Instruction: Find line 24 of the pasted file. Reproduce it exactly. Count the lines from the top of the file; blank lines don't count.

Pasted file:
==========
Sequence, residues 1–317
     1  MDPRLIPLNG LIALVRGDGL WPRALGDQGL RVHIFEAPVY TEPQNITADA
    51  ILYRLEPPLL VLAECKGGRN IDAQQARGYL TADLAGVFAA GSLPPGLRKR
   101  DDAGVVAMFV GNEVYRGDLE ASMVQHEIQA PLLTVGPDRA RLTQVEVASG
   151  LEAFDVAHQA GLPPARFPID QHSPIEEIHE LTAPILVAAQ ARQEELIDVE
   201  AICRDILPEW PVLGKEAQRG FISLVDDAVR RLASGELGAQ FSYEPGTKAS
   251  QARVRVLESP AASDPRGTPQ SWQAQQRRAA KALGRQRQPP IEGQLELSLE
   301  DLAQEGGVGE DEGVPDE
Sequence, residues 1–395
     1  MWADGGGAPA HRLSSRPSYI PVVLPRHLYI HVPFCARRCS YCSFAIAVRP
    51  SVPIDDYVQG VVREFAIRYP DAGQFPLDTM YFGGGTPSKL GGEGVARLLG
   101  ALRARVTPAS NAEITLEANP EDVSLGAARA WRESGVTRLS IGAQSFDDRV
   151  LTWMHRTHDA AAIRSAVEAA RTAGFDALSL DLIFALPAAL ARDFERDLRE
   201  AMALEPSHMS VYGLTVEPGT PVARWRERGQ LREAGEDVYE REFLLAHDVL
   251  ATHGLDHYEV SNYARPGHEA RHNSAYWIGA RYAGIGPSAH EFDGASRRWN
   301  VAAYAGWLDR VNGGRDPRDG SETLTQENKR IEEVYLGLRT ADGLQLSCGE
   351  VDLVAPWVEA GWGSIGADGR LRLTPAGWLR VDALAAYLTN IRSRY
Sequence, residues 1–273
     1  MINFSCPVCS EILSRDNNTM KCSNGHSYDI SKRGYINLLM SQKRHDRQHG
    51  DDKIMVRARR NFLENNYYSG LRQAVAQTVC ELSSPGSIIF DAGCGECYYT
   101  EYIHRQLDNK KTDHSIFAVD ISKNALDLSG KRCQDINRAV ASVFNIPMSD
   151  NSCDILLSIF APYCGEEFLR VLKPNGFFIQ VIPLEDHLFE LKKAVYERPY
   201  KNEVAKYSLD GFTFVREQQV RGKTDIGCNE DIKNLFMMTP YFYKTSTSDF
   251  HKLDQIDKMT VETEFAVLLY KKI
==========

   251  HKLDQIDKMT VETEFAVLLY KKI